Killdeer school starts another year of growth
KILLDEER -- The Killdeer Public School has been dealing with a population boom for a few years, and this time around is no different. The school district is starting the school year with as many students as it had when last year ended, about 450....
KILLDEER -- The Killdeer Public School has been dealing with a population boom for a few years, and this time around is no different.
The school district is starting the school year with as many students as it had when last year ended, about 450. But lack of enrollments over summer doesn't mean it won't see growth -- after all, it started the 2013-14 year with closer to 400 children.
"It is changing daily for us," Superintendent Gary Wilz said.
About 300 of those 450 kids are eligible for busing because they live outside Killdeer city limits, but the annexation of a trailer park about a mile south of the school has left some students without busing.
When the city annexed in the Bi-Hutch trailer park, it added that community to the responsibility of city services, like police and fire. But it also shut the seven or eight KPS students living there off from busing services.
The district only buses in students living rurally, outside city limits. Even so, some parents, Wilz noted, have to drive their kids 10 miles to get to a bus stop.
"It's a matter of trying to be equitable across the board with city kids versus rural kids," Wilz said. "We're not busing anybody else in town."
He said to mitigate the issue, he wants to have a meeting with other players at the table, like the city and the Department of Transportation. They might discuss adding ways to make walking safer, especially for crossing the roundabout at the intersection of Highways 22 and 200 that's between the trailer park and the city center. Reinstating the bus service is still an option, Wilz said, but he worries about it becoming a slippery slope, with parents a little farther out of city limits seeing the concession and also asking for bus service.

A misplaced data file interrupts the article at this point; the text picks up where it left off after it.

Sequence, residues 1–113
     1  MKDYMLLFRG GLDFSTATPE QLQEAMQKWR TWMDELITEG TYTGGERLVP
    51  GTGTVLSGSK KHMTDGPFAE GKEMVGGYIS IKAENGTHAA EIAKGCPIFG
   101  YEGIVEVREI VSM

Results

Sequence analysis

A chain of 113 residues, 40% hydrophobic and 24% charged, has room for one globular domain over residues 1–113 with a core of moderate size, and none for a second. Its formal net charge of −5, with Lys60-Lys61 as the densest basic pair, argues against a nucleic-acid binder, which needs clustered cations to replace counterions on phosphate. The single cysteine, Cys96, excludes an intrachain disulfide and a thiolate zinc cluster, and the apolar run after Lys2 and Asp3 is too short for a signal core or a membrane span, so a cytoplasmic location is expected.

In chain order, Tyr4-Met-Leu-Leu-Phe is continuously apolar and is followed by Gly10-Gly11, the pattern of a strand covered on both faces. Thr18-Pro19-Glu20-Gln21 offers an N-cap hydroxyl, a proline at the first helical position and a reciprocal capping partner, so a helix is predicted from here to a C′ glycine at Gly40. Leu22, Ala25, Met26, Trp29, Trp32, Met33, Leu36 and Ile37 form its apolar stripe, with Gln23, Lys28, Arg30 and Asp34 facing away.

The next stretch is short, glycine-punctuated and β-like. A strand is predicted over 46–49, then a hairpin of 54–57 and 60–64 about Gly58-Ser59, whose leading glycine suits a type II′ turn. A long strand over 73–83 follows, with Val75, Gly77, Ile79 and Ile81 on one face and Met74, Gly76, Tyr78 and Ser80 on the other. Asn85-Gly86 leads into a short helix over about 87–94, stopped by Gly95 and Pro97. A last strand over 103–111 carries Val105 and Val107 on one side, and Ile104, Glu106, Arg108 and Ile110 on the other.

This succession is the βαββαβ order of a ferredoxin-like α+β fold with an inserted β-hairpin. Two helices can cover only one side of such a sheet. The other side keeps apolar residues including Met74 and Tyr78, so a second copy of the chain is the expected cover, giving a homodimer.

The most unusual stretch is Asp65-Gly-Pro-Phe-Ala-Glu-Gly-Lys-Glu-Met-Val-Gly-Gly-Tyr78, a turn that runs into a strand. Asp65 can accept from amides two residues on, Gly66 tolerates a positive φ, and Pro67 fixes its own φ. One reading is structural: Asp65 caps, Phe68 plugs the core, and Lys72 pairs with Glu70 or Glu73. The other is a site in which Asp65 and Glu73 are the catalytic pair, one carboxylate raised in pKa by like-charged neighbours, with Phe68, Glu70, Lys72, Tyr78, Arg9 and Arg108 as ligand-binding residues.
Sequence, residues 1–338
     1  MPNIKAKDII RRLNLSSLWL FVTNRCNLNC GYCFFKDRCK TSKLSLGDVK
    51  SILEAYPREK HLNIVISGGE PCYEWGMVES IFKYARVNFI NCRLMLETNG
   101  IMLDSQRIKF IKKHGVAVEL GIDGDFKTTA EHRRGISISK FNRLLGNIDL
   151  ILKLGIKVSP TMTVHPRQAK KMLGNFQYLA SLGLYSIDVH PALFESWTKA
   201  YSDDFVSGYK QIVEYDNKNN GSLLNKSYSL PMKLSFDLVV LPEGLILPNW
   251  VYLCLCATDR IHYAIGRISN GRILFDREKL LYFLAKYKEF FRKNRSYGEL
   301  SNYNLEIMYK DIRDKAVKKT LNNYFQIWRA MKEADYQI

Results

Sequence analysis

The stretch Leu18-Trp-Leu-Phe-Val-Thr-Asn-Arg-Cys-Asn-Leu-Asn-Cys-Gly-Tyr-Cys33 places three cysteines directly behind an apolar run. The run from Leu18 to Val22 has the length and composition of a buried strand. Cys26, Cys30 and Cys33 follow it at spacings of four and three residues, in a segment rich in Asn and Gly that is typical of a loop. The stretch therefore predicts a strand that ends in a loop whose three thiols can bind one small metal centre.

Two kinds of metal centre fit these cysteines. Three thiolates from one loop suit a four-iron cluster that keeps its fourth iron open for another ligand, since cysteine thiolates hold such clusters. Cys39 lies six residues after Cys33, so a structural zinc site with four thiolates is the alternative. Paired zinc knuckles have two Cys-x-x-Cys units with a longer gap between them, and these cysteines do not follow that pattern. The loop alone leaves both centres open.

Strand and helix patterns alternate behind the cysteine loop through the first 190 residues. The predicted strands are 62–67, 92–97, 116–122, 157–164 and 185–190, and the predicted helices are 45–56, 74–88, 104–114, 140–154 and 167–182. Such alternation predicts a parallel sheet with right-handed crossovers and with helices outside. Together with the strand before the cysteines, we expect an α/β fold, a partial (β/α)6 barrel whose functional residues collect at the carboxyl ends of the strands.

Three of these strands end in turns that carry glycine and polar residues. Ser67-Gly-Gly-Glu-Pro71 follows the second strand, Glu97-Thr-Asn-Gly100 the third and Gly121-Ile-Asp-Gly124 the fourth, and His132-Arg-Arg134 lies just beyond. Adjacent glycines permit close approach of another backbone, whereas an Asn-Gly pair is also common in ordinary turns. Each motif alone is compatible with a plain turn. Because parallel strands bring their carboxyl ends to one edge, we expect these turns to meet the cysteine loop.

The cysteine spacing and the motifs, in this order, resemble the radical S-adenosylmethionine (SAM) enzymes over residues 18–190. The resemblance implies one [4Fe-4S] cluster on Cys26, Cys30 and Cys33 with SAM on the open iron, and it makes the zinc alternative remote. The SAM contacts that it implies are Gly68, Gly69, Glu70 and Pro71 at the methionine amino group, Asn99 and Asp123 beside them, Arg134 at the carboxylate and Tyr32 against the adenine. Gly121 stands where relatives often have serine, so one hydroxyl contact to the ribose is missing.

"We're trying to be equitable and sometimes equity doesn't seem that fair, I guess," he said.
Another change this year is longer coming: For more than a year, fundraisers have been collecting donations from oil companies, community members and institutions to update the school's deteriorating football field.
With the school district's help, the project is near completion, but because of a series of construction delays, the Killdeer Cowboy Sports Complex -- including new artificial turf -- most likely won't be ready for the football team's first scheduled home game against Heart River on Sept. 5. The artificial turf and renovated track can withstand many of the harsh elements brought on by North Dakota weather.
Workers won't start installing the artificial turf until later this week, fundraising head Suzi Tuhy said.
"One concern, especially with football, is in the fall you have rain and every once in a while you'll have snow," Killdeer head football coach Lou Dobitz said. "That will be one nice thing we won't have to worry about -- you'll have the temperatures and everything -- but the surface itself will be really nice all the time. When spring comes around, early in the track season the snow would melt off but we still couldn't use it because it was wet and soft. Now when the track is completed we can use it right away. We are all excited for it."
Dobitz, who is in his sixth season as the head coach for the Cowboys, said the renovations for the football field and track have been needed for many years.
In the meantime, the team has been practicing at an undeveloped lot and will play its game against Heart River at the Biesiot Activities Center.
"It has been a real long time coming," Dobitz said with a laugh. "Even way before my time, the track and football coaches were asking for updates to the area. It has been over a dozen years in the process -- maybe even more than that. Recently, we pushed quite hard to get this going and now it's actually coming true. We are just so happy that it is. We can't wait to practice on the field."
Wilz said he's very confident the field will be ready for the team's second scheduled home game against Central McLean on Sept. 26.
The students are ready to start using the field, for which many of them helped fundraise.
"They're anxious," Tuhy said. "They're ready to go."